Table 2-3.Examples of Negative Logic
NOTE: The logic level LOW now represents the 1 state. This is because the 1 state voltage is more
negative than the 0 state.
In the examples shown for negative logic, you notice that the voltage for the logic 1 state is more
negative with respect to the logic 0 state voltage. This holds true in example 1 where both voltages are
positive. In this case, it may be easier for you to think of the TRUE condition as being less positive than
the FALSE condition. Either way, the end result is negative logic.
The use of positive or negative logic for digital equipment is a choice to be made by design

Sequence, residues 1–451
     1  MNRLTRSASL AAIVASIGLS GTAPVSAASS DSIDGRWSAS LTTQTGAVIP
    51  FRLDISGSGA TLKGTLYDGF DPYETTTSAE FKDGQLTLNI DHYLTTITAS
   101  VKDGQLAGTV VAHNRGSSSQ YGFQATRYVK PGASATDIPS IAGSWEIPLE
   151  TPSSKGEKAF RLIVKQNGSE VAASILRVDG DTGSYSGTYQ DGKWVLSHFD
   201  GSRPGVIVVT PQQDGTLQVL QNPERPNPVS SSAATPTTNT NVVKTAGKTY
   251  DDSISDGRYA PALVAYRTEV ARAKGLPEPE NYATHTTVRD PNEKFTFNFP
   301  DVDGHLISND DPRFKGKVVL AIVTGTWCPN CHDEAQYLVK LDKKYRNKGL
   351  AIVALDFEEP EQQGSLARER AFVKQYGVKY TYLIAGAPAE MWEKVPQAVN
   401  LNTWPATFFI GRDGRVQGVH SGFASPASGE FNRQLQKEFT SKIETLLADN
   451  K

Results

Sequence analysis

engineers. The difficulty for the technician in this area is limited to understanding the type of logic being
used and keeping it in mind when troubleshooting.
UNLESS OTHERWISE NOTED, THE REMAINDER OF THIS BOOK WILL DEAL
ONLY WITH POSITIVE LOGIC.
LOGIC INPUTS AND OUTPUTS
As you study logic circuits, you will see a variety of symbols (variables) used to represent the inputs
and outputs. The purpose of these symbols is to let you know what inputs are required for the desired
If the symbol A is shown as an input to a logic device, then the logic level that represents A must be
HIGH to activate the logic device. That is, it must satisfy the input requirements of the logic device
before the logic device will issue the TRUE output.
Look at view A of figure 2-1. The symbol X represents the input. As long as the switch is open, the
lamp is not lit. The open switch represents the logic 0 state of variable X.